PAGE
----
I never fully appreciated the wonders of arugula until I started working at an Italian restaurant. As a kid, my aunties would prepare arugula salad at the table and everyone had to eat it. Everyone loved it except for me. I didn’t understand why this pepper and bitter leafy green was so much loved by everyone at the table.
Fast-forward to 15 years later, I started working with an Italian chef at an Italian restaurant. He made us try different kinds of arugula alone to appreciate each kind. I must admit that it wasn’t so bad. It was actually one of my best culinary experiences as a young cook. He taught us different recipes that go with arugula.
Arugula is fantastic and I wouldn’t change it. But what if there comes a time wherein we don’t get to have arugula? Here are some substitutes for arugula that could work!
Watercress is one of my favorite types of green and what I consider to be the best substitute for arugula. It’s so delicate as its name describes it. The flavor of watercress is similar to radish, which makes sense because these two are related. It has a milder pepper, mustard-like taste compared to arugula.
This can be used in salads, pizza garnish and even meat! This can also be used as an arugula substitute in smoothies.
Escarole, like arugula, has a bitter taste and is a good replacement for arugula. It is related to radicchio. It contains the same kind of nutrients making it a super healthy choice for a substitute for arugula.
When you first look at radicchio, it looks like purple cabbage. Radicchio is part of the chicory family tree. When eaten raw, this red leaf is bitter and spicy but when cooked, the flavors mellow down.
Given the very beautiful natural color, radicchio is not only a substitute for arugula but also a substitute for whatever red cabbage is used for. It’s great to add to your fresh Vietnamese spring rolls. Chiffonade slices of radicchio would also be pleasant to top a taco with or a rich bruschetta.
Frisee reminds me of golden curls and is a great alternative to arugula. I love how these leaves look because they’re appetizing. They look like the wild card in salad and they are often added into salads along with other mixed greens. Frisee, like radicchio, is also part of the chicory family tree. It has a mild bitter flavor making it a good substitute for arugula in salads.
If you’re feeling a little daring, try finely chopping frisee and adding it to soups or garnish to rich flavored meat dishes.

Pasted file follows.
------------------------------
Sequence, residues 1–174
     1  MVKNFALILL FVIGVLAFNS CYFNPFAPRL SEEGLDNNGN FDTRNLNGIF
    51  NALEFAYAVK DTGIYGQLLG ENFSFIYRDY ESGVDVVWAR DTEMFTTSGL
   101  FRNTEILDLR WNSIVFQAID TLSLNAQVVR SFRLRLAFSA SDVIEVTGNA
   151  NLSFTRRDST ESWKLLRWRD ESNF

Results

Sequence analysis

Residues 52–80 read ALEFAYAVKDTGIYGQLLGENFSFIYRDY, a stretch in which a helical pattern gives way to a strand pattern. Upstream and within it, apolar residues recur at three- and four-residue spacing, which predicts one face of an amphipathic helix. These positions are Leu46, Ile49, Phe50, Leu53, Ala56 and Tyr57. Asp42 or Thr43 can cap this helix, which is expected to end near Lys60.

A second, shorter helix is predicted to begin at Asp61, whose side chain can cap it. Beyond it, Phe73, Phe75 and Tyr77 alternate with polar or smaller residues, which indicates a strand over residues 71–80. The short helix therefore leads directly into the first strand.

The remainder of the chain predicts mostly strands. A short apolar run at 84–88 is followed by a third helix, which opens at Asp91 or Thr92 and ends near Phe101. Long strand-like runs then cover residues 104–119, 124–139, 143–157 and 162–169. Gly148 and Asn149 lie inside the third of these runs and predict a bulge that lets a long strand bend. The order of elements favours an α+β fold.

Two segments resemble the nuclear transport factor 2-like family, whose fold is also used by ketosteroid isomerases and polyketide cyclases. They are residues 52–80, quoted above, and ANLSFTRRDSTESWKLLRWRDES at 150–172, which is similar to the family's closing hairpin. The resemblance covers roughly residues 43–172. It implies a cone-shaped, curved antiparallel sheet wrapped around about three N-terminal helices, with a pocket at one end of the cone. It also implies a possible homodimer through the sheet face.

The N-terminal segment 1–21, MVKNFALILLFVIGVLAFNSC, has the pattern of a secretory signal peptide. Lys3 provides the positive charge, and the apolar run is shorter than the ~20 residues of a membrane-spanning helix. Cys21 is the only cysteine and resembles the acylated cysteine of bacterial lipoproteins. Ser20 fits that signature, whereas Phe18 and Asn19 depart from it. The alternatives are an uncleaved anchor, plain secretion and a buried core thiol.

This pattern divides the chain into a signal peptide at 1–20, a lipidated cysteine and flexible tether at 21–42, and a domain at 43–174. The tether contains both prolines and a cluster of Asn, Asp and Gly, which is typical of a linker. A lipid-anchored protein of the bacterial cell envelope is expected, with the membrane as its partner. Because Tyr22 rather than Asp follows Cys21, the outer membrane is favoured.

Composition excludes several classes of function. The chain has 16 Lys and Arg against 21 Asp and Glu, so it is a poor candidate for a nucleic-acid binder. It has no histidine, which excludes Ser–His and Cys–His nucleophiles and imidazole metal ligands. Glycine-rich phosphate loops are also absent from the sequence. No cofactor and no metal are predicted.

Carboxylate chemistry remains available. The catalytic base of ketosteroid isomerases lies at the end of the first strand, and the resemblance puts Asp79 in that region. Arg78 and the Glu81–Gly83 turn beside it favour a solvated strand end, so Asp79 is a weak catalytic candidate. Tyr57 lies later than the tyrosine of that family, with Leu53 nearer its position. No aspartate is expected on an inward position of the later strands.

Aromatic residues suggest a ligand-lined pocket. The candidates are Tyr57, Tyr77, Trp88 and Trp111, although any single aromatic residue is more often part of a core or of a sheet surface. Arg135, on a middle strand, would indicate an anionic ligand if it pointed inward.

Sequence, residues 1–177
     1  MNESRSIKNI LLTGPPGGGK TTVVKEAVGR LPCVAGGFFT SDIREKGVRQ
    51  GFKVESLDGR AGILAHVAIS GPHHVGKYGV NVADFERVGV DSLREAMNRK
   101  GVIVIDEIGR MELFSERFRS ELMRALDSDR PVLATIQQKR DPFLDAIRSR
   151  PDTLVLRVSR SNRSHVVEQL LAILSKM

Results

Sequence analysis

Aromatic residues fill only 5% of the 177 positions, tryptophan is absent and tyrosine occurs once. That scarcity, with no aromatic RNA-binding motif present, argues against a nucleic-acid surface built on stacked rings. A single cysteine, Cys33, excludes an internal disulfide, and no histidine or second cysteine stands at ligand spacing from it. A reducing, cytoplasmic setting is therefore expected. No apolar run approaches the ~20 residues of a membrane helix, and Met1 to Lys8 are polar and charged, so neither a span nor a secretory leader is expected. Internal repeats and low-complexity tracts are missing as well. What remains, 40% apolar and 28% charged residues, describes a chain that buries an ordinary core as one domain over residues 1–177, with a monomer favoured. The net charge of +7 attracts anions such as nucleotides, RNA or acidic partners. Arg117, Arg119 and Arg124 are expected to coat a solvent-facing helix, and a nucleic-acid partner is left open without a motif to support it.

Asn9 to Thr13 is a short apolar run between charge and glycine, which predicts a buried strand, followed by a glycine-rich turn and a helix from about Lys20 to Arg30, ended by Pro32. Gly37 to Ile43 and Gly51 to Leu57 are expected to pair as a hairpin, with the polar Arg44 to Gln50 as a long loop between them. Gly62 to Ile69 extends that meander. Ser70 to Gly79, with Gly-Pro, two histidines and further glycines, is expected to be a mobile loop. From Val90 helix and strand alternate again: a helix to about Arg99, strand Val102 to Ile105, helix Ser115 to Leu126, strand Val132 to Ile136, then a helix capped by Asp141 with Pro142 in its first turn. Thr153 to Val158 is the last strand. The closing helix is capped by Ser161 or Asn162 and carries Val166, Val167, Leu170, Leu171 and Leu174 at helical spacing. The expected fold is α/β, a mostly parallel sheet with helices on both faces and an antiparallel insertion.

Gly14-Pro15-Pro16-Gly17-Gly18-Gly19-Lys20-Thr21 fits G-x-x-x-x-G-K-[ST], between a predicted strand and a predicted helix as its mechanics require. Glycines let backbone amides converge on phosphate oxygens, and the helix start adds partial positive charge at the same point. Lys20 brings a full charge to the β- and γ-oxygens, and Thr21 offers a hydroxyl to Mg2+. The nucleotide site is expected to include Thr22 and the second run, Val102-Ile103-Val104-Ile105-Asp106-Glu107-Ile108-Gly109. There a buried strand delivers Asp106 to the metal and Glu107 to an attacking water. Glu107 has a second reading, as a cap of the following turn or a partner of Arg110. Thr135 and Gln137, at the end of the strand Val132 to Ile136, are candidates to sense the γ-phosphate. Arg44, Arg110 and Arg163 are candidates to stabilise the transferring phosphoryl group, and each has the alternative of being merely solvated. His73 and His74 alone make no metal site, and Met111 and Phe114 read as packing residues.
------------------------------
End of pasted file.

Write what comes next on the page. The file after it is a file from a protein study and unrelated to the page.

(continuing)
5. Baby Spinach
Small, cute, nutrient-dense and delicious. Baby spinach is the kindest arugula substitute on this list. It doesn’t have a bitter taste, unlike the ones that have already been mentioned above. It provides great variety for your salad greens and it can be eaten with literally anything.
You can toss it in a salad, add it to pasta, toss it in stew right before serving, you can even turn it into a ravioli filling. If you’re not up for the bitterness of healthy leafy greens, this is the perfect green for you.
For the longest time, kale was in the headlines under the best leafy green category. Kale is a nutrient-dense leafy green that is a little bit more coarse than arugula. It is usually blanched lightly or chopped finely to add to those Buddha bowls or healthy grain bowls made for our vegan friends.
Kale gained so much popularity that it helped normalize green smoothies. Kale is perfect for salad and other healthy bowls. It’s a great substitute for arugula in salad and soups when you’re out.
7. Dandelion Greens
These aren’t widely available in the market but when you see them, get them! This is your chance. Dandelion greens are only usually available between January and May.
Dandelion greens share the same flavor profile as arugula, bitter and peppery. They kind of look the same too! This is a good substitute for a well-glazed salad and pizza topping.
A great way to use dandelion greens would be to top it on a prosciutto con burro pasta. The strong flavor of prosciutto will jive very well with the mild bitterness of the dandelion green.
Purslane is a weed that grows anywhere, even in the city gardens. Purslane is often the enemy of those who just want to maintain perfectly manicured flower gardens yet this weed keeps on growing. However, this weed is a perfect arugula substitute in salads and as a side dish and many more dishes.
Purslane has a lemony flavor that actually complements the flavor of arugula. It could be used as a substitute in salad and even sides with arugula in them. In one of the research articles we read, purslane is even chopped up finely and added into meatballs and sauces. Try giving this weed a go. You might just enjoy it!